“Stoner said an additional expense not noted in the report because it occurred in 2014 was more than $250,000 in improvements for home security at the MacDonald’s home.”  False and misleading – see security study and Elder approval letter.

“According to Stoner, some of the $1.9 million may have been legitimate church expenses. “But too often, there is insufficient documentation or no documentation at all to confirm the intent of the payment,” he said. “And it appears the decisions to spend these funds were too often made unilaterally without proper budget procedures, oversight, or approvals.” False – I had clear boundaries of how much needed advance approval and what size expenditure could be accounted for after the fact. The Finance Committee also knew and reviewed these boundaries. Not once was I reprimanded or even corrected for acting outside or even against the guardrails HBC financial leadership placed upon me. Not once in my annual review (presented in writing to the entire Elder board, and including anonymous surveying of many staff who worked with me) was my financial integrity called into question or even brought up as a point of concern.  

“According to the report, the private accounts were ‘controlled indirectly by MacDonald and directly by HBC’s former CFO, COO, and an executive assistant.’

The only former CFO who worked during the time period examined was XXXXXXX, who now runs XXXXXXX, a nonprofit that helps churches acquire new facilities…” Similarly, the only former COO who worked during that time was XXXXXXX, who now is vice president of business and operations at XXXXXXX. MacDonald’s executive assistant from 2015—2019 was XXXXXXX, who left Harvest earlier this year.” 10 days after I was fired, my EA was terminated for refusing to give Carl Barkow access to my social media accounts, so HBC could steal those as well. Then XXXXXXX spent most of March/April 2019 supplying extensive detail and documentation to the pertinent financial matters at HBC’s request. However, that documentation was ignored by the church and Wagenmaker, as it would have eliminated their financial accusations against me, which of course Julie embraced as fact.

“Stoner said that while the private expenditures are troubling, $1.9 million is less than 1.5 percent of total church revenues during the period. ‘The remaining 98 percent that went through the main accounts of the church did have proper oversight and controls and met the requirements of our accountants.’” So is 20% “black budget” OR 1.5%? They can’t even keep their lies straight. And of course, Juliar gives these numbers the same scrutiny a high school harlot gives football player number 10.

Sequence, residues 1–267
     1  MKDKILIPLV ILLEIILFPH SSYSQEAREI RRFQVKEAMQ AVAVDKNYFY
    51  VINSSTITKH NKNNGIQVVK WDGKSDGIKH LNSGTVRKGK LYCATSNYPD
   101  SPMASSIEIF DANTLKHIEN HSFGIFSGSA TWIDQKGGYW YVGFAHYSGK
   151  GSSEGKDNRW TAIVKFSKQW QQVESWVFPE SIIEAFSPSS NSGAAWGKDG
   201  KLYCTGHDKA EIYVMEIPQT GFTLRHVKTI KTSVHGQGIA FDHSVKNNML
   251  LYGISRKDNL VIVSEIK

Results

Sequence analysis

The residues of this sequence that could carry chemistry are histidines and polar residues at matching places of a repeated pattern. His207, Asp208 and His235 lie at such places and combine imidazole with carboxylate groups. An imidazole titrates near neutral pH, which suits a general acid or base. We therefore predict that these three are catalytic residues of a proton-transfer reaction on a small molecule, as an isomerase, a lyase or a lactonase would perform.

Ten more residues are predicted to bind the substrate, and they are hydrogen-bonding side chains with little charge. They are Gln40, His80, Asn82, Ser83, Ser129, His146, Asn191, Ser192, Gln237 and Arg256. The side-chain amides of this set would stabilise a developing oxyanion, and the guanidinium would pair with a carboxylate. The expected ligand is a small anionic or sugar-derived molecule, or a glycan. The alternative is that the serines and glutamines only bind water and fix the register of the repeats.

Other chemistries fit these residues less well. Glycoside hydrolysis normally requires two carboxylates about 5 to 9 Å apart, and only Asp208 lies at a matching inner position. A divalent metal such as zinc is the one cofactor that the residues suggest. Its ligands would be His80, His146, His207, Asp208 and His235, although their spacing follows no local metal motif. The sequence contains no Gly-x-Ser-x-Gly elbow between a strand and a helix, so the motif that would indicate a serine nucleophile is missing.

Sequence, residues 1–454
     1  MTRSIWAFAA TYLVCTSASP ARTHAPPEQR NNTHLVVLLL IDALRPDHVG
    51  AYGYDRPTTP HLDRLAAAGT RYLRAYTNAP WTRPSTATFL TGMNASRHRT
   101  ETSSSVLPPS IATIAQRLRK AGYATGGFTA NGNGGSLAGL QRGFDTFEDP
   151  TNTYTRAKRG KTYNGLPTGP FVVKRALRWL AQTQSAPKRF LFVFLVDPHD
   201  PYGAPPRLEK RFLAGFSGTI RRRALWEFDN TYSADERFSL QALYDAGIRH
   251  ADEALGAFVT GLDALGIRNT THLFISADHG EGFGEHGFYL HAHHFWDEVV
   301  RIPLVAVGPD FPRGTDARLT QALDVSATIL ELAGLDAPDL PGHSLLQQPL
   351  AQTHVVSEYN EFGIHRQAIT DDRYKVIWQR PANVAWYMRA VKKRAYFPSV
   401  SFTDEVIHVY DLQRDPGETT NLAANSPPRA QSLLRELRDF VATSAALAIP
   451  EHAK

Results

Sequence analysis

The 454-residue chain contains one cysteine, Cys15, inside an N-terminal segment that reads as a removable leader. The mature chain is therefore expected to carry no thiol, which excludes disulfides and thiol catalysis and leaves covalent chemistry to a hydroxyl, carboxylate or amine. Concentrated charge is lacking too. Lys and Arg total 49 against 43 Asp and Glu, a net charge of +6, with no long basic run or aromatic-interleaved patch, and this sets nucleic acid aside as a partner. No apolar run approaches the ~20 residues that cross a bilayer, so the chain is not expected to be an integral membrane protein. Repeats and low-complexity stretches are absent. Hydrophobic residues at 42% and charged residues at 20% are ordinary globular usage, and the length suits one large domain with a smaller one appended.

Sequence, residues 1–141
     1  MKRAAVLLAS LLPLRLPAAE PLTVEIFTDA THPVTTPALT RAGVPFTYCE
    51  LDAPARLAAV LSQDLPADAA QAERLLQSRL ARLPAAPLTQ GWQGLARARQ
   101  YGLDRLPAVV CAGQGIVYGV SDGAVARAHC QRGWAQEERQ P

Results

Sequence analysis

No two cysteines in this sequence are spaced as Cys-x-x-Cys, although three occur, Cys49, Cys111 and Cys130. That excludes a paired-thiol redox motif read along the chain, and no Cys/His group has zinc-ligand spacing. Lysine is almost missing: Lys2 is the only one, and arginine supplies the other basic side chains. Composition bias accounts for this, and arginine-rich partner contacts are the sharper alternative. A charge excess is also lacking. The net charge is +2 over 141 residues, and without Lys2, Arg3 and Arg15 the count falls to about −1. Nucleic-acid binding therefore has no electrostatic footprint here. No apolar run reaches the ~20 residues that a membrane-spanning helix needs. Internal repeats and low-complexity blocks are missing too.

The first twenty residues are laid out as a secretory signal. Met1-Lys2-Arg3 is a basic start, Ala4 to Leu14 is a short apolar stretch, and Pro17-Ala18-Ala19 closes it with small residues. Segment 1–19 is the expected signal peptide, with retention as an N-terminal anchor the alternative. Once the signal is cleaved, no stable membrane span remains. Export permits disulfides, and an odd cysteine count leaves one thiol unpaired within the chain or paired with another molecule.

“Harvest also will seek reimbursement from MacDonald for expenses that never should have been paid with church funds. Stoner said that some legitimate expenses were never reported on MacDonald’s W-2s. Those will be noted on amended W-2s so MacDonald will have to claim the expenses as taxable income.” But then Elders DID NOT amend my w-2s – not even a penny, zero since he made this statement, November 22, 2019. They also brought only $104k of questions to our financial review meeting on September 24, 2020 (note the countle$$ million$ in accusations, but actually only $104k needing clarification – just wow) and all easily resolved. All of their accusations melted into questions I offered to clarify then – now answered and resolved to under $11k in less than two hours with CFO Sharda and COO McCoy. The amounts HBC had refused to reimburse me for were greater ($64k) and I agreed to let it be a wash. Harvest admits these realities in a deceptive announcement in the Elder update October 14, 2020, now removed from HBC website. 

“In the early stages of the arbitration process, we indicated that we would review certain financial expenditures with MacDonald.” No, they said, “Harvest planned to approach [me] for reimbursement of the items that shouldn’t have been spent by the end of the year.” But they never approached me, instead leaking that false accusation to Juliar, and posting it on HBC website.


I could say a lot more

But this is more than enough to show who is distorting the truth to create discrediting gossip, and who is reporting it uncritically. 

In the end, the greatest consequences are not the impact on me or my family, but the thousands in our church family and millions around the world who previously benefited from our efforts to be faithful in the unapologetic preaching of God’s Word.

 If only this were the end of exposing the lies, and not the beginning…


1 When asked why he mislead the congregation, Tim Stoner, current HBC treasurer, blamed Sally Wagenmaker saying “I only read what she gave to me.”